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Does high humidity affect a piano?

Protecting Your Piano

Jeff Bauer (Keyboard Concepts ) gives expert video advice on: Does low humidity affect a piano?; How often should I have my piano tuned?; Do pianos last longer in different parts of the country? and more...

Does high humidity affect a piano?

Humidity affects the piano because pianos are largely made out of wood. Wood expands and contracts based on the difference of humidity in the air, so if there's more moisture in the air the wood is going to gain moisture. If it's less, it's going to lose moisture. When pianos are doing that, they go out of tune.

Does low humidity affect a piano?

The way low humidity affects a piano is the piano loses moisture. When a piano loses moisture, the sound board, which has a slight curvature in it which is called a "crown", will slowly lose its crown which will release some of the tension on the strings and the strings will drop in pitch a little bit. So, the entire tuning of the piano will actually change pitch just slightly downward and make it sound a little bit flat.

Is there an ideal humidity for a piano?

The ideal environment for a piano would be about 40% relative humidity and somewhere between 70 and 80 degrees Fahrenheit.

Are there places where a piano should not be kept?

Pianos. There are places that pianos shouldn't be kept like in places where there's going to be a lot of change in the environment. For example, putting the piano next to a window that's frequently open will change the tuning stability of the piano. Putting pianos in non-insulated rooms, such as a garage, are also bad places for a piano, since again the environment is unstable and the piano will suffer as a result of that.

What is the average lifespan of a piano?

The average lifespan of a piano is dependent upon the environment it's kept in, and how heavily it's used. A piano can last well over a century if well cared for, but there are times when you need to replace components of the pianos. The first components, typically, are the strings and the hammers which are getting the most use, and they are moving the most. Mostly, if a piano is being used a lot and it needs to get new strings, that will happen sometime between the first fifteen and thirty years. Similarly, with the hammers. If the hammers get worn out too much from striking the strings, those will be replaced within a similar amount of time. On the contrary, if a piano is hardly played and is just kept in the typical American home where the piano isn't being used that often, then sometimes with a piano that's fifty or sixty years old. The strings can be in perfect condition and the hammers can be in great shape, and the piano will play and sound perfect.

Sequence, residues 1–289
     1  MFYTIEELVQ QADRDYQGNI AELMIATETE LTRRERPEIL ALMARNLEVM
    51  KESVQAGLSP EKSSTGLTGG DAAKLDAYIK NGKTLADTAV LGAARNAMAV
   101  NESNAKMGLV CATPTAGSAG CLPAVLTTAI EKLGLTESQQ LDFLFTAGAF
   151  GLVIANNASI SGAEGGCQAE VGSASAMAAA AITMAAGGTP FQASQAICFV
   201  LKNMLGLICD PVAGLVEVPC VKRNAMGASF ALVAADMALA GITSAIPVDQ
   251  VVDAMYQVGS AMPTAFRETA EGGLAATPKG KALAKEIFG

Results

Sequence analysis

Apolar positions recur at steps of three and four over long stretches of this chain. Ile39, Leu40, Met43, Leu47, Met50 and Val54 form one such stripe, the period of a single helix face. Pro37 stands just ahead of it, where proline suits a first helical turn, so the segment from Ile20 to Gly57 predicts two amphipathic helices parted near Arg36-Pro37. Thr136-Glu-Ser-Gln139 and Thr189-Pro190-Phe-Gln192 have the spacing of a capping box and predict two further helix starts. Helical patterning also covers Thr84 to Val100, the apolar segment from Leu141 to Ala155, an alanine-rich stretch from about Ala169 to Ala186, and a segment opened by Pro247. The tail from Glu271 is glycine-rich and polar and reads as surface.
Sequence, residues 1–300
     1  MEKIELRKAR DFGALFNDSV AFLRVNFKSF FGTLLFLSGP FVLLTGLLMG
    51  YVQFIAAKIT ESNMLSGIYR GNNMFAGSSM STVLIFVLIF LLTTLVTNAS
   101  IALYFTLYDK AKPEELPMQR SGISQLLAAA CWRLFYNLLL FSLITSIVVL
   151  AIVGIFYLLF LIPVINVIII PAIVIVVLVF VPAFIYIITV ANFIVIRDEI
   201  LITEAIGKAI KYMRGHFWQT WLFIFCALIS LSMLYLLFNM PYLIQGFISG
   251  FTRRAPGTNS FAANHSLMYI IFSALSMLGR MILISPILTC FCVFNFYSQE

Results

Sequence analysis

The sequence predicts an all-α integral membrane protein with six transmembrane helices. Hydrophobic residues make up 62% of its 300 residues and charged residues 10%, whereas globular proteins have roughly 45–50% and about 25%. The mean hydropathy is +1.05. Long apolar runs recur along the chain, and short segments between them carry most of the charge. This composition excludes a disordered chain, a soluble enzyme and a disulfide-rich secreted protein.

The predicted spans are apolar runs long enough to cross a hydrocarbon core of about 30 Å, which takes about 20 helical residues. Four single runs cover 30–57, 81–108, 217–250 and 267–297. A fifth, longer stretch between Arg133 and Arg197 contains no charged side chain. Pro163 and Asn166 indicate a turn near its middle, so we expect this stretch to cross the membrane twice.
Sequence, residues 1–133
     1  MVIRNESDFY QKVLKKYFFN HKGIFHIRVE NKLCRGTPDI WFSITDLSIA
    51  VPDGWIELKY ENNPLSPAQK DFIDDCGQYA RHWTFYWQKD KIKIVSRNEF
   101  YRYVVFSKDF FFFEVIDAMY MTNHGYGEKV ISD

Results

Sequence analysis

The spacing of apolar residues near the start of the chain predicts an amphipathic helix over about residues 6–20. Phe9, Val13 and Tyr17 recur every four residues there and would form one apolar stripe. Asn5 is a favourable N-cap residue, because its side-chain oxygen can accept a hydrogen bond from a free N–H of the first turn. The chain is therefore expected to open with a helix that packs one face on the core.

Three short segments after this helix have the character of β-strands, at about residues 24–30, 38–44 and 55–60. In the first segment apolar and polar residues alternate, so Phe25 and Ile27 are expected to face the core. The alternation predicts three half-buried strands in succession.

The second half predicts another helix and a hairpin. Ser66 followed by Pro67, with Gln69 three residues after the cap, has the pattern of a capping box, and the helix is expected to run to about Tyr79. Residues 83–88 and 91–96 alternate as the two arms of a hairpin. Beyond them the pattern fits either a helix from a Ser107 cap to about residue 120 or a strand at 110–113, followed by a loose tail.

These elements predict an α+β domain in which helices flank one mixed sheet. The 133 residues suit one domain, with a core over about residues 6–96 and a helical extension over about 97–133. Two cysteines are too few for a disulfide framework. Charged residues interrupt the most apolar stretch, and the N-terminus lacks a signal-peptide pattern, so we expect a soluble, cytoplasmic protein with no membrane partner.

How often should I have my piano tuned?

You should tune your piano once every six months. That's about the right period of time between tunings, where the piano will go out of tune a little bit. If you keep tuning the piano every six months, it's going to become extremely stable. If you wait too long, beyond six months to tune your piano, it will start to drop in pitch. If you wait really long, say three to five years, your piano may need what we call a pitch raise, and we need to bring the piano back up to it's original pitch and then tune it from that point.

Do pianos last longer in different parts of the country?

The area that you live in in the United States can affect the lifespan of a piano, depending on how you set your piano up and in what environment. For example, if you live in Chicago, but you don't live in a well insulated or air conditioned place, you can have seasons of extreme wetness and seasons of extreme dryness, and the piano will respond to that by gaining or losing moisture. The more a piano does that, the more it loses tension over time. It then loses tone and resonance. Pianos are best kept in constant environments. If you don't provide it with a constant environment, you're not going to have a long lasting relationship with your piano.